Food, Agriculture and Natural Resources Policy Analysis Network (FANRPAN) Food, Agriculture and Natural Resources Policy Analysis Network (FANRPAN)
 


Measuring poor and vulnerable households
Nendila: Newsletter of the University of Venda
April 2009


Can the household vulnerability index objectively measure poor and vulnerable households?

This is a three year research project that stems from a memorandum of understanding signed between Univen and the Food Agriculture Natural Resources Policy Analysis Network (FANRPAN).

The project seeks to test the accuracy and reliability of using the household vulnerability index as an objective measure for targeting poor and vulnerable households. Calculation of household vulnerability rests in the sustainable livelihoods approach which considers human, financial, social, natural and physical resources. Gender dimensions, production systems and household consumption patterns are considered.

The Chief Executive Officer of FANRPAN, Dr Lindiwe Majele Sibanda, says the index classifies vulnerability into three levels. “Level one states that a household is vulnerable but is still able to cope with external shocks, at level two a household has been hit so hard that it desperately needs assistance like acute health care in a hospital. If rapid response assistance is provided, the family may be resuscitated. “At level three households have reached an intensive care situation and can only be resuscitated with the best possible expertise.”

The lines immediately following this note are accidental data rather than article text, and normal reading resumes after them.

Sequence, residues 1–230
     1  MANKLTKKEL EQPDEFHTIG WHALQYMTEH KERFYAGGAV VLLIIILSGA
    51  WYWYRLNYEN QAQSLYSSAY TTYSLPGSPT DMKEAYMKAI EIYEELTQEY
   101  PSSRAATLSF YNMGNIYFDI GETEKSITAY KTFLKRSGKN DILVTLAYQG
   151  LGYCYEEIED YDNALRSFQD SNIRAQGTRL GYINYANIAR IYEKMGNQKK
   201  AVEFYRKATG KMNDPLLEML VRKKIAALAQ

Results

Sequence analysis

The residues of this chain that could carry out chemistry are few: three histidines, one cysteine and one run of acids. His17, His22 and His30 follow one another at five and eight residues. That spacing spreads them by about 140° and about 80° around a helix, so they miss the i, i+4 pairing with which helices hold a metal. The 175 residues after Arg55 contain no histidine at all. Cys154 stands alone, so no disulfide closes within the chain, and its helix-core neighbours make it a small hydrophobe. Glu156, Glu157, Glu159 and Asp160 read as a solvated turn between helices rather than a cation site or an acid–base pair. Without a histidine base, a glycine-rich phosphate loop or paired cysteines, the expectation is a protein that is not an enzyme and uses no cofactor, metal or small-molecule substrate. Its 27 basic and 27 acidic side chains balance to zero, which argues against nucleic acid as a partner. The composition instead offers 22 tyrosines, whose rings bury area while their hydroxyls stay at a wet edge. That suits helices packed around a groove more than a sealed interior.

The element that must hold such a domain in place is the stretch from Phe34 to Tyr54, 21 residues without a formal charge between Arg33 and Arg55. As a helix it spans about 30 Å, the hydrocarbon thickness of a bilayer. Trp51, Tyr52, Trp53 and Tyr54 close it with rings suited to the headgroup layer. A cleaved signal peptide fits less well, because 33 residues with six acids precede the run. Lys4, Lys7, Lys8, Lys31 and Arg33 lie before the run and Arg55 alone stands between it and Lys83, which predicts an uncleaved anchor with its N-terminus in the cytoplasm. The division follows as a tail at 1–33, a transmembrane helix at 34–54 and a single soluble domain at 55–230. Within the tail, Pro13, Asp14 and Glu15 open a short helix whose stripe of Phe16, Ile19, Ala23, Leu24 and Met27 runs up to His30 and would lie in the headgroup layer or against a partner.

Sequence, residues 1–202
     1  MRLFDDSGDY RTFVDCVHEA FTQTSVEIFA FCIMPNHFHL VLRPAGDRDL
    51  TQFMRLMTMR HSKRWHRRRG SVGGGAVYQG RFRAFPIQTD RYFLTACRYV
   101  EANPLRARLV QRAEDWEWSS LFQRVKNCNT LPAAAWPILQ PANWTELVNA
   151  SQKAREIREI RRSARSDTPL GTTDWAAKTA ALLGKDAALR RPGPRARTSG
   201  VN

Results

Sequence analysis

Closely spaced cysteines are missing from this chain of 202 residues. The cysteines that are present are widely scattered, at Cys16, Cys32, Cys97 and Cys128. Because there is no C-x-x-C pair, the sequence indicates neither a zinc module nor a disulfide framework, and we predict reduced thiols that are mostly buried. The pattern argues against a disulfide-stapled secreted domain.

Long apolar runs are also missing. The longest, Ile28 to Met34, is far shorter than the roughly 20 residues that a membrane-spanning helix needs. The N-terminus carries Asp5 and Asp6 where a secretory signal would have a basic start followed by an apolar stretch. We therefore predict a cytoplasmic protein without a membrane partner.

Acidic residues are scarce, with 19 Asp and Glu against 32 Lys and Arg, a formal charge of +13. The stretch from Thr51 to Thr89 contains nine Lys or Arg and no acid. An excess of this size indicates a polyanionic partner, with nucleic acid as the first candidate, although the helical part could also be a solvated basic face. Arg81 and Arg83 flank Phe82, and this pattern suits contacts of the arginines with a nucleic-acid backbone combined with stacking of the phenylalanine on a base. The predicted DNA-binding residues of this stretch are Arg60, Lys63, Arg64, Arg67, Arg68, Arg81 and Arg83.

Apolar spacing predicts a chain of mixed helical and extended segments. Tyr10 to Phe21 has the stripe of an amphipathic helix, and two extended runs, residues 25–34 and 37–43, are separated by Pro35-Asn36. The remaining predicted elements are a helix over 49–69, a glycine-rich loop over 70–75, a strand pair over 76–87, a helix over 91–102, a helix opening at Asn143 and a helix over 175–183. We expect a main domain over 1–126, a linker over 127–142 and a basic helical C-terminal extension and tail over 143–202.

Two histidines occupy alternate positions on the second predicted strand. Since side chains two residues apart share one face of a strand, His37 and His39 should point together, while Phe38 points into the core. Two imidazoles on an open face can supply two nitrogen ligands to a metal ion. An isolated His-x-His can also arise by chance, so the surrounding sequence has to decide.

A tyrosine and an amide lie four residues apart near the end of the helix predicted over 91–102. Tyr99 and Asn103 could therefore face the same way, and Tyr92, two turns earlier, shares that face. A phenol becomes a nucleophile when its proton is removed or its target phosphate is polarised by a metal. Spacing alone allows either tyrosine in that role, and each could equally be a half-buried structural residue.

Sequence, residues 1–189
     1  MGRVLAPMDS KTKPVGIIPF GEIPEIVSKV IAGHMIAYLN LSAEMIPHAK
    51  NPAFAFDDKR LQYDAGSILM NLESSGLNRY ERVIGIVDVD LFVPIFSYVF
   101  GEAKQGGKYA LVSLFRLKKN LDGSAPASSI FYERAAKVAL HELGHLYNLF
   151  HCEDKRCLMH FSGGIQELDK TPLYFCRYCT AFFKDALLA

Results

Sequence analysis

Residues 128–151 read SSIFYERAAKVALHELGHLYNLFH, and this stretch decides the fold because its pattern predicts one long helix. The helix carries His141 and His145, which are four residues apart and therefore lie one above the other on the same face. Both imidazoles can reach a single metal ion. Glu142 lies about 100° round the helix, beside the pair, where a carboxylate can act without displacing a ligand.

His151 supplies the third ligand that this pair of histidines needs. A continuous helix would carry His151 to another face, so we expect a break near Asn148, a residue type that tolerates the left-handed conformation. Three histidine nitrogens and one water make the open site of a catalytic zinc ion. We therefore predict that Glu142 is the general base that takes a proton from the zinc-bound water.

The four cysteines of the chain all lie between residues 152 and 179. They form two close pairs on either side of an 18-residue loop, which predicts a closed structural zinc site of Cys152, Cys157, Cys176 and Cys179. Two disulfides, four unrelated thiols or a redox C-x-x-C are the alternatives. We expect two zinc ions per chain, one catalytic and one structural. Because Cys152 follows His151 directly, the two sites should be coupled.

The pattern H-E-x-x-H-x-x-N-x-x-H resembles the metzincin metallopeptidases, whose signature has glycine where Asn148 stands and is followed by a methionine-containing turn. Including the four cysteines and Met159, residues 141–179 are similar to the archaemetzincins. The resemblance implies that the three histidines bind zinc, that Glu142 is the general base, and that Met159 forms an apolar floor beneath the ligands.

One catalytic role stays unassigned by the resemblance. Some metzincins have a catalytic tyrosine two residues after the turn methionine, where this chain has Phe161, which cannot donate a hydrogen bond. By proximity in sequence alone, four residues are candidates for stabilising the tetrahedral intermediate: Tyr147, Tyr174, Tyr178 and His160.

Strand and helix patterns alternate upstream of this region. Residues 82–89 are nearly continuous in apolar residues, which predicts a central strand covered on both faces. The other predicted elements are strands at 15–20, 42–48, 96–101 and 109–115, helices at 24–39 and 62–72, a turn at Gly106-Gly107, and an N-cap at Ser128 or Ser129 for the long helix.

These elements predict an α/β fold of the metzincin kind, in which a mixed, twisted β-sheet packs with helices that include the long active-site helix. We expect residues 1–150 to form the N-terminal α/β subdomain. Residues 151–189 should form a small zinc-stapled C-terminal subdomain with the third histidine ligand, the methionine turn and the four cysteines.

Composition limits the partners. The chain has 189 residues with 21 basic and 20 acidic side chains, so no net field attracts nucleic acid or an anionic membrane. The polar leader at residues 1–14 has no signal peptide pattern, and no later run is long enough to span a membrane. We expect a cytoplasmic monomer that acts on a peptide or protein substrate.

She says current approaches to targeting poor and vulnerable households rely heavily on information that local leaders provide, which makes them inefficient because of their subjectivity.

“Preliminary work on use of the household vulnerability index was undertaken to establish the levels of vulnerability that the impact of HIV and AIDS introduced on agriculture and food security. The index's critical importance in relief and development work is realised through ensuring that households that genuinely deserve relief or development support, benefit.”

The Director of Univen’s Centre of Rural Development and Poverty Alleviation and coordinator of the project, Prof Francis says three World Vision International Area Development Programmes in Lesotho, Swaziland and Zimbabwe will serve as the project sites.

“One PhD and two masters degree students - all of them World Vision International employees - will register for their postgraduate training with the Centre this year,” says Prof Francis. This relationship opens many avenues for Univen to play a more significant and visible developmental role in the Southern African Development Communities and Common Market of Eastern and Southern countries.

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